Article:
Install Kitty On Ubuntu Step-By-Step

How To Install Kitty On Ubuntu

In this module, we are going to have a look at how to install Kitty and why should we switch to it. Kitty is a feature-rich terminal written in a mix of C and Python. It uses OpenGL for rendering everything. It is very fast and efficient and also comes prepacked with a lot of features.

What Is Kitty?

Kitty is a terminal emulator in Linux which uses OpenGL for processing. As a result, it is extremely fast and efficient by nature. It also comes pre-packed with some cool features called Kittens which can come in handy a lot of times. It supports all modern terminal features: graphics (images), Unicode, true-color, OpenType ligatures, mouse protocol, hyperlinks, focus tracking, bracketed paste, and several new terminal protocol extensions.

Kitty Logo
Kitty Logo

One of the best features about Kitty terminal is that it is accessible even via shell scripts and shell prompts and even over SSH which makes it very instrumental to work with.

How To Install Kitty on Ubuntu?

You can install kitty via pre-built binaries or from source. Here we’ll discuss both one at a time.

1. Installing the pre-built binaries

You can install the pre-built binaries with the curl command using this simple one-liner :

$ curl -L https://sw.kovidgoyal.net/kitty/installer.sh | sh /dev/stdin

This should install the binaries in ~/.local/kitty.app

Next up, we need to add the binary to PATH. To do this, you can set PATH to include ~/.local/bin so that we can launch kitty easily. [Read how to add do so here]

Next, create a symbolic link in ~/.local/bin to point to our binary with :

$ ln -s ~/.local/kitty.app/bin/kitty ~/.local/bin/

After this, we might as well want the kitty icon to appear in the taskbar and in the menus. For that we need to install the kitty.desktop file with :

$ cp ~/.local/kitty.app/share/applications/kitty.desktop ~/.local/share/applications
$ sed -i "s|Icon=kitty|Icon=/home/$USER/.local/kitty.app/share/icons/hicolor/256x256/apps/kitty.png|g" ~/.local/share/applications/kitty.desktop

2. Building From Source

When building from source, first we would need to install some dependencies with :

$ sudo apt install git gcc cmake pkg-config libdbus-1-dev libxcursor-dev libxrandr-dev libxi-dev libxinerama-dev libgl1-mesa-dev libxkbcommon-x11-dev libfontconfig-dev libx11-xcb-dev liblcms2-dev libpython3-dev

Next up, we need to clone the Github Repo and cd into it with :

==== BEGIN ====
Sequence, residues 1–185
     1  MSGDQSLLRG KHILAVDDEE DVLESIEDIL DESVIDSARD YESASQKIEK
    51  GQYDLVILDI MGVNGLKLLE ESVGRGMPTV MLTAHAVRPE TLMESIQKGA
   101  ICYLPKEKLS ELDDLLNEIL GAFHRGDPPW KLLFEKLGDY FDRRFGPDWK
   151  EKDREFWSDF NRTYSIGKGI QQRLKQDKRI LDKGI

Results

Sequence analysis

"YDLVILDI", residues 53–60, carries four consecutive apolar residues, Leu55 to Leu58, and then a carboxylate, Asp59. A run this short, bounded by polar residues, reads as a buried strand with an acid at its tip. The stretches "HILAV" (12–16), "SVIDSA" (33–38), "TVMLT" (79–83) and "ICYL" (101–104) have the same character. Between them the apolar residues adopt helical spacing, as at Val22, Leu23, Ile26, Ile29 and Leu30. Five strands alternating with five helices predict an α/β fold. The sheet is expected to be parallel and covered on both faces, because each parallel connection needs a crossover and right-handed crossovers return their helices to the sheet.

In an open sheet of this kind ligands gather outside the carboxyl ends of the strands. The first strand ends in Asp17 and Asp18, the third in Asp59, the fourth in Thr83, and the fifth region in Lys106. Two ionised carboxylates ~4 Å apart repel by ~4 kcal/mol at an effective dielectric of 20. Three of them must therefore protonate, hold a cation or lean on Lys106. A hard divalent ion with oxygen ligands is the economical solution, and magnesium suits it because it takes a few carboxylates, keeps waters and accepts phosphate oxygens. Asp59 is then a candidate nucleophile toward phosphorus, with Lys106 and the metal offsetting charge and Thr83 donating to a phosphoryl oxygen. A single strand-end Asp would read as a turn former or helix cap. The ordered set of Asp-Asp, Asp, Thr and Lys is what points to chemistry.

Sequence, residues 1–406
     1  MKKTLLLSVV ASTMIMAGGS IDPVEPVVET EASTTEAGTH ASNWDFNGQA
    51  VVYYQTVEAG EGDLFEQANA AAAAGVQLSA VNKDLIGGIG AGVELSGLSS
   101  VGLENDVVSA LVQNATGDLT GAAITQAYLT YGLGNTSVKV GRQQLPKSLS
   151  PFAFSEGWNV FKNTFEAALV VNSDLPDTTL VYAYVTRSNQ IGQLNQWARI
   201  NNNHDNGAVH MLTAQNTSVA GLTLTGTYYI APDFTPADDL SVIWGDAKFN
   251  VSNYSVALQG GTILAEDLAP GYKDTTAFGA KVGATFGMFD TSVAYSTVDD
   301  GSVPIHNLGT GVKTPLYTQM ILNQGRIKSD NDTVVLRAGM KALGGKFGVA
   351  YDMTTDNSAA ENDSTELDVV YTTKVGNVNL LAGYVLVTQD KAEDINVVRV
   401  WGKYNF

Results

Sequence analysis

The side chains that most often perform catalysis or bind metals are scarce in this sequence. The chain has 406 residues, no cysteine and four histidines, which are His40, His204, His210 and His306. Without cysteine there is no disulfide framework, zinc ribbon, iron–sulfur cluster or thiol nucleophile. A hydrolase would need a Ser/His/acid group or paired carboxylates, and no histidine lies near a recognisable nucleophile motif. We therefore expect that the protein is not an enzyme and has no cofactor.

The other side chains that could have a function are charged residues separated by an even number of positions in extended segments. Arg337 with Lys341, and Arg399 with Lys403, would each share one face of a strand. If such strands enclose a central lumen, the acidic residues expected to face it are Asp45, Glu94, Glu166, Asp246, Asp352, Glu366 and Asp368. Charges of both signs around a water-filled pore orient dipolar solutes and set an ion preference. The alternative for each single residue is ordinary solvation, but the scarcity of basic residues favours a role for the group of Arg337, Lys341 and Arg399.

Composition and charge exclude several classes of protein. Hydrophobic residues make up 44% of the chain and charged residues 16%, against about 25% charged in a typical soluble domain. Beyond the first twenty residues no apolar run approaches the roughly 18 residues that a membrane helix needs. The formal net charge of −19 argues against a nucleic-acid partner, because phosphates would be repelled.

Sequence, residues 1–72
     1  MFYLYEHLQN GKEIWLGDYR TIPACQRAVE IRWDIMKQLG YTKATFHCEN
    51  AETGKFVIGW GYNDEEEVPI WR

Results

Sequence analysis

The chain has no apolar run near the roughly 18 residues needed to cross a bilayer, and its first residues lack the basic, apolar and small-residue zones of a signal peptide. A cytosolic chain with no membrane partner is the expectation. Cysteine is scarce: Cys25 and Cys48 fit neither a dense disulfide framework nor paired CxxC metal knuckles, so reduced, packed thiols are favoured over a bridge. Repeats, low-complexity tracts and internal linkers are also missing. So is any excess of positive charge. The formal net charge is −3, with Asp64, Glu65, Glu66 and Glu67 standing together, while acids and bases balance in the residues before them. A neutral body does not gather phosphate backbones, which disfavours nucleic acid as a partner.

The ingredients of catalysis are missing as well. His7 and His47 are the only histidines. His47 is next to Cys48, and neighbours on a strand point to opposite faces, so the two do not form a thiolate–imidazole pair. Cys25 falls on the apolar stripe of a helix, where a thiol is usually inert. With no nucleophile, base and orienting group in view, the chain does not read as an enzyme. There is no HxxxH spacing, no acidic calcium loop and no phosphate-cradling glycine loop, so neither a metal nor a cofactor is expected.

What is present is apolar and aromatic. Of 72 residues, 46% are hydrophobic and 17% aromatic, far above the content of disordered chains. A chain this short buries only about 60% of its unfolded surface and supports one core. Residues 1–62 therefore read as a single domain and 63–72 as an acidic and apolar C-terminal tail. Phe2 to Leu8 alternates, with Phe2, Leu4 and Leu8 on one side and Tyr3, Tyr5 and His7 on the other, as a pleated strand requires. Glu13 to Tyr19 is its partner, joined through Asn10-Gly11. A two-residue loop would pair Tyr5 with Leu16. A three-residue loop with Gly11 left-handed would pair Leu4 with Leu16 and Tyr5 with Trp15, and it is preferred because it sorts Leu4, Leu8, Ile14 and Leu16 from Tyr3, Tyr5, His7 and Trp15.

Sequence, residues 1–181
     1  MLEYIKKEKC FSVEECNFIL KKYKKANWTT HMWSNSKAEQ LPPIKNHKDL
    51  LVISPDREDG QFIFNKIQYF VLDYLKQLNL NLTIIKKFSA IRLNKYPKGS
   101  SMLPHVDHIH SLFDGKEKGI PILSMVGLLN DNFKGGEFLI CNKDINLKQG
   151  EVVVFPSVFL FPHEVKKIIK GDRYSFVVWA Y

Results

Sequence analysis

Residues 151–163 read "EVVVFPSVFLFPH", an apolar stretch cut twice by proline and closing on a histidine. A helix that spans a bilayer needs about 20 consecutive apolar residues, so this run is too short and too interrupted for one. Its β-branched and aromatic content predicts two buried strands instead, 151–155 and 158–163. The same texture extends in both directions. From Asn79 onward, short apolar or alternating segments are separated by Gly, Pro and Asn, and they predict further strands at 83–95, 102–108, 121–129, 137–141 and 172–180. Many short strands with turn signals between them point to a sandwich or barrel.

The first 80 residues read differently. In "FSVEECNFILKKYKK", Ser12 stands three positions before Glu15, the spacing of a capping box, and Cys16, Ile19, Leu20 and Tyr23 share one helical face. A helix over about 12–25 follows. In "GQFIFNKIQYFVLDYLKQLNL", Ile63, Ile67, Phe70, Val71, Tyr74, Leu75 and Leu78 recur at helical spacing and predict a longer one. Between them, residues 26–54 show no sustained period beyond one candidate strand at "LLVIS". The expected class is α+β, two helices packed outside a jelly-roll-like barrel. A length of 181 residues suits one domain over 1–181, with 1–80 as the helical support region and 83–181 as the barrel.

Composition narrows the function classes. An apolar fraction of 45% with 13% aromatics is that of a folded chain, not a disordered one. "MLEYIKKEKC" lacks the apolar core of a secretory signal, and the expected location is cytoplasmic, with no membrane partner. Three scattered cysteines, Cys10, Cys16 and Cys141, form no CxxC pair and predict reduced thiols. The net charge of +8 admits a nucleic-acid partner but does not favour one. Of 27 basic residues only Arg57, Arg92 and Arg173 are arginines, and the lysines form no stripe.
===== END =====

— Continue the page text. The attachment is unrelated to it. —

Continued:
$ git clone https://github.com/kovidgoyal/kitty && cd kitty

Now, we can build the binary with :

$ make

This should build the binary in ./kitty/launcher/kitty

Kitty Configuration Extra Features

After you’ve installed Kitty, let’s get to the configuration files and look at some of the interesting features that kitty offers.

1. Kitty Configuration

Kitty has a very detailed configuration file which let’s you customize various aspects of it. The global configuration file /usr/share/doc/kitty/kitty.conf

You can also specify user specific configs by creating your own config files at ~/.config/kitty/kitty.conf or copying the global config at the local said location and edit it.

2. Kitty Features

Kitty has a framework for easily creating terminal programs that make use of its advanced features. These programs are called kittens. They are used both to add features to kitty itself and to create useful standalone programs. Some of the more popular kittens are :

  • icat : displays images in terminal
  • diff : a fast, side-by-side diff for the terminal with syntax highlighting and images
  • hints : select and open/paste/insert arbitrary text snippets such as URLs, filenames, words, lines, etc. from the terminal screen
  • unicode input : input unicode characters like emoticons on the terminal

There are several more inbuilt kittens and if none of them fit your needs, you can even create your own!

Kitty Terminal With Different Features
Kitty Terminal With Different Features

Conclusion

Thus we saw the different aspects of the Kitty terminal. It’s an excellent terminal emulator with so much customizability that it is essentially facilitates a “mouse-free” workflow. It is also extremely fast since it is based on OpenGL which also drastically efficiency. It is one of my favourite Terminal Emulators and it might even replace your default terminal emulator on Ubuntu once you try it !